Back when you were operating New World and Concorde, you produced a lot of saucy movies about oversexed strippers, nurses, and women in prison. At the same time, though, you were giving women opportunities to direct films a lot more often than the majors were.
Oh, yes. We had many women directors, producers and so forth. It wasn’t that I was favoring women, it was that I was finding the best person for the job. And it made no difference to me whether they were men or women. So, therefore assuming — which I think is correct — the qualities are roughly equal in both sexes, forget about the morality of it. In a more efficient world, women should be holding down about the same level of jobs on different areas as men. [Laughs] Of course, at the time you’re talking about, women weren’t being hired as much. So therefore, the pool of qualified women was greater than it would have been if hiring was equitable.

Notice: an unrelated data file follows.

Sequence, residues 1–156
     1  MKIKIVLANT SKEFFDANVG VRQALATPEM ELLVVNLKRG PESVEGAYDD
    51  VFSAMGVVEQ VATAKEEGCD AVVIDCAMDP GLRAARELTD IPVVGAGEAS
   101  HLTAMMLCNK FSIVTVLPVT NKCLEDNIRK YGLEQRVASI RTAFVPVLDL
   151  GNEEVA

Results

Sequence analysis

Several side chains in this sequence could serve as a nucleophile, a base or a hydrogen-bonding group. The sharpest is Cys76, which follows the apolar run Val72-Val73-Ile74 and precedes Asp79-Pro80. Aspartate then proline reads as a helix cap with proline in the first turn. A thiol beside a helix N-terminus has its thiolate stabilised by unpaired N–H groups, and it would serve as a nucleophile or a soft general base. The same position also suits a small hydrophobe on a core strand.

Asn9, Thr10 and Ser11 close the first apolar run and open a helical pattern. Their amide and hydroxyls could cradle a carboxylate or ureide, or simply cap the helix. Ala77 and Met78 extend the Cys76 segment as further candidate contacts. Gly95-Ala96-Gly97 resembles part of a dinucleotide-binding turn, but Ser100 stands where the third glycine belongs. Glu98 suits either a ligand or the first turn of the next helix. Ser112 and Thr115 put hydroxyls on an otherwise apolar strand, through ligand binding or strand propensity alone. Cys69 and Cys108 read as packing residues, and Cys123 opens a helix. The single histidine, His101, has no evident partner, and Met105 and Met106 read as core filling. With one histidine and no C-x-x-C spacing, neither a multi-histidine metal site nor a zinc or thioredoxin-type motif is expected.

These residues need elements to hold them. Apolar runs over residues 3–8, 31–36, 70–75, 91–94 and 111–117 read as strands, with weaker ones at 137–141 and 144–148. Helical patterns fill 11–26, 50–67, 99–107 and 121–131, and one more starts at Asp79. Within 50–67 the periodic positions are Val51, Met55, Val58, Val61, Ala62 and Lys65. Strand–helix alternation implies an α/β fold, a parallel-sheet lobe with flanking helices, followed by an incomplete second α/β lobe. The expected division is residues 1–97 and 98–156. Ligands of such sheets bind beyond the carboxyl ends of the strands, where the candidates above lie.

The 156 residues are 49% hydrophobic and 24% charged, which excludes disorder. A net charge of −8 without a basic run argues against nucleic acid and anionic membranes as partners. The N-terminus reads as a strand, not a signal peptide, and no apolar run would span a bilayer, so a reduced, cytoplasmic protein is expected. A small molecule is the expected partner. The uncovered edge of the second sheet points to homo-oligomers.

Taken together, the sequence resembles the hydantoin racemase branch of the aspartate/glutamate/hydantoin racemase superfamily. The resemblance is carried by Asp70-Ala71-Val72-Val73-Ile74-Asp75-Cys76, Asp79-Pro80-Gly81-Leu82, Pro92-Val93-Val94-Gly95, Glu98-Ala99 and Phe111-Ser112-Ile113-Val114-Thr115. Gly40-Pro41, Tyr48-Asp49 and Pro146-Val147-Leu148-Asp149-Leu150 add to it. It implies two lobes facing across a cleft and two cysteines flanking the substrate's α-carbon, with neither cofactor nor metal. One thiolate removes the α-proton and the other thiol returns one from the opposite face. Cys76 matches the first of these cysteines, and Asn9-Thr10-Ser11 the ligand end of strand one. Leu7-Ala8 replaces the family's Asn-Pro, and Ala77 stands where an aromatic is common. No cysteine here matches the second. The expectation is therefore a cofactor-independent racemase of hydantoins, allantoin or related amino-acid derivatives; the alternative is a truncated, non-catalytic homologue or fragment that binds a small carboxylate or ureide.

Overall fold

What can you tell us about “Crime City,” the film you’ll be producing here in the Bahamas?
I’m going to be using footage of the devastation caused by Hurricane Dorian. I found a cameraman who had flown a drone over the areas that were hit hardest. I looked at his footage and I thought, “I’ve never seen anything like this.” I mean, the devastation goes on and on and on. So I licensed the footage he shot from the drone, and then I hired him to go back and get me ground shots. So I’ve got the devastation covered from the air, from moving aerial shots, and from set shots on the ground. And I found out the schedule for when the Bahamian government is going to clear out the devastation. So we may be starting in March.
Do you have your script ready yet?